The collapse of morality or young people having a good time?

The Church knows best and banished St. Valentine to pseudo-saintdom with St. Christophe and St. Patrick feeling they could no longer condone a role in the propagation of a pagan love festival.

Personally I saw no under-aged kids kissing in Pattaya that year.

But if I had I wouldn’t have snitched them out.

Boy meet girl

Romeo and Juliette

Is that so bad?

THE CLOSET OF LOST THINGS by Peter Nolan Smith

The Nuns of Our Lady of the Foothills taught their students math, English, religion, history, geography, and a scattering of other basic subjects. Their educational technique depended heavily on rote memorization and harsh discipline. The Palmer penmanship was beaten into our rebellious right hands. Laziness on small ts earned a wrap on the knuckles. The nuns were experts in teaching through pain.

A pinched arm opened our eyes to Math. The mysteries of adding, subtracting, multiplication, and division were boiled down to tables.

7 X 7 = 63.

How didn’t matter as long the charts were in our heads.

1 + 1 always equaled 2.

The flow of history was divided into dates important to the Holy Roman Church and America; 5 BC the Birth of Jesus Christ, 1215 the Magna Carta, 1492 Christopher Columbus discovered the New World, 1776 the American Declaration of Independence, 1914 the Start of the Great War, and the 2nd Vatican Council in 1961.

Questioning why the Birth of Jesus Christ was 5 years before Anno Domino or why Christmas was only four months later than the Immaculate Conception were grounds for a visit to the Principal. Sister Mary Eucharist corrected adolescence heresy with a yardstick. She expected the same iron hand from the nuns of her convent.

The mysteries of faith were solved by the memorization of the Baltimore Catechism; God made the world, God is the Creator of heaven and earth, and of all things, Man is a creature composed of body and soul, and made to the image and likeness of God and God made us to know Him, to love Him, and to serve Him in this world, and to be happy with Him forever in heaven. God reigned over man with capital letters.

There was no detour from these tenets, until my 6th Grade teacher Sister Mary Osmond ignored the dictums of her superior. The ancient nun had taught in Egypt and entertained her pupils with tales of Africa.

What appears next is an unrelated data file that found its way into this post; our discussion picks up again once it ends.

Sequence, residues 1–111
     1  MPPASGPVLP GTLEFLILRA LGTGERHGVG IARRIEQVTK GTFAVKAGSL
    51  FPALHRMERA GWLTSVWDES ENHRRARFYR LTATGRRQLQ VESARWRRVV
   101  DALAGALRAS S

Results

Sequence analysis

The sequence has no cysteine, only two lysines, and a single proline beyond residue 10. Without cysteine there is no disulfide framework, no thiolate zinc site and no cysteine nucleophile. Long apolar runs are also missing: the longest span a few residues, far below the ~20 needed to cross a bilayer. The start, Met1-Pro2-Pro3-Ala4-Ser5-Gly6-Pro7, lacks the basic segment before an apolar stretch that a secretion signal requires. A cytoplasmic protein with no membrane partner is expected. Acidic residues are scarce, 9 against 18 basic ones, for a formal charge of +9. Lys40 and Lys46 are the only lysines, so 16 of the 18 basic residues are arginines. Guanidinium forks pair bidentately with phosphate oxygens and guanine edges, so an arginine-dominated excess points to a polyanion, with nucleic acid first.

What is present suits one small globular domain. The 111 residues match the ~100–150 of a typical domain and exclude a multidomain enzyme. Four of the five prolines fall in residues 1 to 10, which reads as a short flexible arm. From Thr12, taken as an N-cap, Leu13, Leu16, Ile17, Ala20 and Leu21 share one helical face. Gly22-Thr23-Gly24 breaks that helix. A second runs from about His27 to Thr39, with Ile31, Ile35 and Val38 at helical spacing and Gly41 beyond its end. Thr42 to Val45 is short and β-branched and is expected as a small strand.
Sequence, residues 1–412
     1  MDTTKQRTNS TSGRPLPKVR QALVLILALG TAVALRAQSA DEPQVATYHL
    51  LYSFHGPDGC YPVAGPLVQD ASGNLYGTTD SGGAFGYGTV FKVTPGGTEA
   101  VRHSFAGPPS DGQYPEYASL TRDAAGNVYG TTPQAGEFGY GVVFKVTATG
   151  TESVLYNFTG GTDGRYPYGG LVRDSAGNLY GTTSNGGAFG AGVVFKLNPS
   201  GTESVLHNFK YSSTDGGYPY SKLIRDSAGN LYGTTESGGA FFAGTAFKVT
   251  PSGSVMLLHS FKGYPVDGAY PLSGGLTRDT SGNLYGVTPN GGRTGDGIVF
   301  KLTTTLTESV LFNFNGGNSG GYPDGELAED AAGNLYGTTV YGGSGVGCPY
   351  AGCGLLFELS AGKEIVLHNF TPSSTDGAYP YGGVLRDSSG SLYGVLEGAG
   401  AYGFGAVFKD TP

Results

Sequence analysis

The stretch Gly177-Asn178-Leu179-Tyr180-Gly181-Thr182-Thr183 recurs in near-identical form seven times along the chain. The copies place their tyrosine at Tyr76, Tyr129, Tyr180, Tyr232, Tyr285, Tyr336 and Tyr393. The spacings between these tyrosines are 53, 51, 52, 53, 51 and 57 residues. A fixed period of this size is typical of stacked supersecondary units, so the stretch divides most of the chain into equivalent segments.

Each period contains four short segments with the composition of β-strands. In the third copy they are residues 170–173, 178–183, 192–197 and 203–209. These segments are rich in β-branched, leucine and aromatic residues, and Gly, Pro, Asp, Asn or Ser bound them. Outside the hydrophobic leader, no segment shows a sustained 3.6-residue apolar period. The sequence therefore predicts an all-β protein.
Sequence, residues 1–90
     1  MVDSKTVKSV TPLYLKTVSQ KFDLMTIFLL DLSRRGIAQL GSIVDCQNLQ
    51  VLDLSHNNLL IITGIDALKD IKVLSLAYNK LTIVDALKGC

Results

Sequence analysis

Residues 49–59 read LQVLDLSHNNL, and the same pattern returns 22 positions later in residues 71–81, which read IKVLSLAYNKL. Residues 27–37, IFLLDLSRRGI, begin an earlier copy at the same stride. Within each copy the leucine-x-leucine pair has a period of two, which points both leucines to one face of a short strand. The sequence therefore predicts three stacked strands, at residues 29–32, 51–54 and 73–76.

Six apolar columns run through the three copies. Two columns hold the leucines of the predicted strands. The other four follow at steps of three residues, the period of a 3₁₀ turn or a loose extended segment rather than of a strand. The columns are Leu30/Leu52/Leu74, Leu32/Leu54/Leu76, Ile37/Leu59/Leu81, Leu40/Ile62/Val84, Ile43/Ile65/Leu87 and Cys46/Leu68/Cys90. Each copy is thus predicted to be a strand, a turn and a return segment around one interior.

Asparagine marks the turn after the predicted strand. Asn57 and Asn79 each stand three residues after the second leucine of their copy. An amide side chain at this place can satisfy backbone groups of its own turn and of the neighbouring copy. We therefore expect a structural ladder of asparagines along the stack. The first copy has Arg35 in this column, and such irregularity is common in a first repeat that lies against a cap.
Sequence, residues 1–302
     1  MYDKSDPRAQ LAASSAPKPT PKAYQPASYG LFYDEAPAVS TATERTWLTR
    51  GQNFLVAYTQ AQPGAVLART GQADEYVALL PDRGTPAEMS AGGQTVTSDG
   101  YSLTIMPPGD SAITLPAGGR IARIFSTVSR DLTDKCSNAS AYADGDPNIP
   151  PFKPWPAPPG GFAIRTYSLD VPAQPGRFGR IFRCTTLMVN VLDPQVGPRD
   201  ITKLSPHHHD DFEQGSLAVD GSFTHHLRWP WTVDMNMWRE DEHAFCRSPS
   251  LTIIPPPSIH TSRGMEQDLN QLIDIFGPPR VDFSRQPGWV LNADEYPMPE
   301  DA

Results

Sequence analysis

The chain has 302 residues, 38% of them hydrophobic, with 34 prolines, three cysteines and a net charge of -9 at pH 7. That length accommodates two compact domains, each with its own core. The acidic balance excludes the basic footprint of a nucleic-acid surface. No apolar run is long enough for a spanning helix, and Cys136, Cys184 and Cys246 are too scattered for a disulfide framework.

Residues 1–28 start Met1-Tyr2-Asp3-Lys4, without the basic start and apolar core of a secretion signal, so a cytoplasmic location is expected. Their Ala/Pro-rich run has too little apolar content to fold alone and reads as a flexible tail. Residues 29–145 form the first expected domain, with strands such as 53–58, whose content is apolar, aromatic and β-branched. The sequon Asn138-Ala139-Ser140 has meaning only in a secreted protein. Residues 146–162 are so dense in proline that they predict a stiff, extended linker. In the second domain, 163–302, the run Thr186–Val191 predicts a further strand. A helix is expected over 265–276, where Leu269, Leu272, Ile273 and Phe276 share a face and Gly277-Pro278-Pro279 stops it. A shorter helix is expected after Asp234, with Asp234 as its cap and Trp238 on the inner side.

“We lived by the Nile. After the harvest the children ran barefoot over the sharp stalks without slicing their feet.”

Closing my eyes I envisioned her students gliding over the fields of razors. Sister Mary Osmond opened our minds to worlds beyond Boston and we followed her new approach to learning like sheep.

Sister Mary Eucharist hated her.

“Fear. That’s how the Church rules the faithful. Fear.”

Sister Mary Osmond nodded to her superior with love and we reciprocated by scoring the highest test scores in the Boston Diocese. Her knowledge flooded our senses and she had an answer for everything.

Not all of it was true.

One afternoon Connie Botari cried in the back of the class.

Sister Mary Eucharist would have ignored the silent sobs.

Our teacher put down her chalk and approached Connie’s desk.

“What’s wrong?”

“I lost my headband.” Connie had looked very cute this morning with it on her head. She was pretty, although not a pretty as Kyla Rota. Neither girl knew that I lived and breathed on the same planet. I wore glasses and sat in the front of the class.

“Is that all?” Sister Mary Osmond tenderly touched the young girl’s head. “Don’t you worry about that?”

She paused for few seconds and I expected the venerable nun to tell the same thing that my mother told me when her six children lost a favorite toy.

“If you lose something than it wasn’t yours to begin with.”

My mother had learned that lesson from her mother. Nana had come over from Ireland in the Year of the Crow. She had been 14. Losing things was bad luck and she expected her family to avoid bad luck. Only St. Anthony had the power to help us find things.

“St. Anthony, St. Anthony, Please help me. Something is lost and can’t be found.”

I had rejected the belief in God at age 8 after the drowning of my best friend, but remained true to the powers of the saints. Most of them had pagan roots and St. Anthony of Padua had at one time lived in Morocco, which rendered his faith questionable in my eyes.

Sister Mary Osmond had a different take on loss and explained to Connie, “In heaven there is a closet with everything you ever lost waiting for you.”

“Really?” The cute brunette sniffed behind the swipe of her wrist.

“The closet has your name on it in gold letters. Nothing is truly gone. It remains in your memory, so you will enjoy seeing it again in heaven.” Sister Mary Osmond gave Connie a handkerchief with our teacher’s initials embroidered in a corner.

“You keep it. All possessions are transitory on this Earth. The only thing you need is a pure soul to get you in heaven. That purity is the key to the closet with all lost things.”

I was on the verge of pubescence. Impure thoughts outnumbered evil deeds. Heaven was for only true believers. I was going to Hell and I was certain that Lucifer had a closet loaded with the things that I never wanted in the first place.

I lowered my head into my hands. My toy boat and teddy bear would remain trapped in their heavenly closet, but then I remembered what Sister Mary Osmond had said about lost things. They remained forever in your head and I smiled, because forever will be a long time in Hell without a teddy bear.

As I got older the number of lost things grew with my travels around the world. My possessions were scattered across two houses in Thailand, a mountaintop cabin north of Santa Cruz, two farms in upstate New York, my apartment in Fort Greene, and my sister’s house outside of Boston.

Upon my return to the States from Thailand in 2008 I emptied my storage space in the East Village.